Ontario Is a No Fault Province – What This Means for Your Car Insurance
Have you ever heard the term no fault used when it comes to insurance? Our province uses a no fault system for car insurance, but it is a bit of a confusing term. So let’s clear it up…
Definition of no fault insurance
It does not mean that no one is at fault when an accident happens in Ontario. Instead it refers to the fact that your insurance company will cover your benefits, regardless of who was at fault in the accident.
It is important to note that in Ontario, the no fault system only applies to compensation that you would receive in the event of bodily harm or injury or compensation for damage to your vehicle in the collision. It does not apply to any property damage that results from the accident.
Why use a no fault system?
It allows for quicker resolution and for individuals to receive the insurance benefits they are entitled to much faster and more consistently than with an at fault system. Rather than waiting for a decision to be made about who actually caused the accident, everyone involved receives their benefits in a timely matter. So if the accident was not because of anything you did, you don’t have to go after the other driver to get compensation or wait for their insurance company to process the claim and determine responsibility. You deal directly with your insurance provider.
Eventually, the insurance companies will come to an agreement about responsibility for the accident and with this decision in hand, adjustments to insurance premiums will be made. Insurance companies use the Ontario Insurance Act and the specific Fault Determination Rules (want all the legalese? Click here to get access to the full documentation of these rules), when determining who is at fault for the accident.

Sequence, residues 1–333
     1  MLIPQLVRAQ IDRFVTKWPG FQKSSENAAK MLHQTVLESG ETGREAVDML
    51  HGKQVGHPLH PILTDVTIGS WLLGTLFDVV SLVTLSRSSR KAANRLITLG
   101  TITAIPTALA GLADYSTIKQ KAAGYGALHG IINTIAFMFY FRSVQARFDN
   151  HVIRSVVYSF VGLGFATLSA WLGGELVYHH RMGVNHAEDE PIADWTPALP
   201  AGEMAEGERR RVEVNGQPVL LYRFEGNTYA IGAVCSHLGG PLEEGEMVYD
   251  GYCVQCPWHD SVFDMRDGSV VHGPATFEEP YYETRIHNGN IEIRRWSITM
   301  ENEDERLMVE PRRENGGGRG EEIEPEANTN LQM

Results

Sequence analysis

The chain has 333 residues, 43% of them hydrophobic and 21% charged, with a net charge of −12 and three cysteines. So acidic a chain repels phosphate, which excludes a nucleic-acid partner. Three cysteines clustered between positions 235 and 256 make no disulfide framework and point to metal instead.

Degree of fault
As we know, all car accidents are not cut and dry situations where one personal is completely responsible for what happened. Insurance companies will use degree of fault when evaluating accidents. So you may be only partially responsible, or perhaps equally responsible. Fault is assigned as a percentage, from 0% to 100%. Note that if you do share a degree of responsibility for an accident, your car insurance premiums may be affected. As the Financial Services Commission of Ontario (FSCO) states, if you’re more than 25% at fault for an accident, your premiums should be adjusted appropriately. It’s always best to discuss specifics of your plan with your broker.
If you’re looking for more information in regards to car insurance and how our no fault system affects rates and premiums, get in touch with us today. Or zip over here if you’d like to get a quote for the best car insurance rates.
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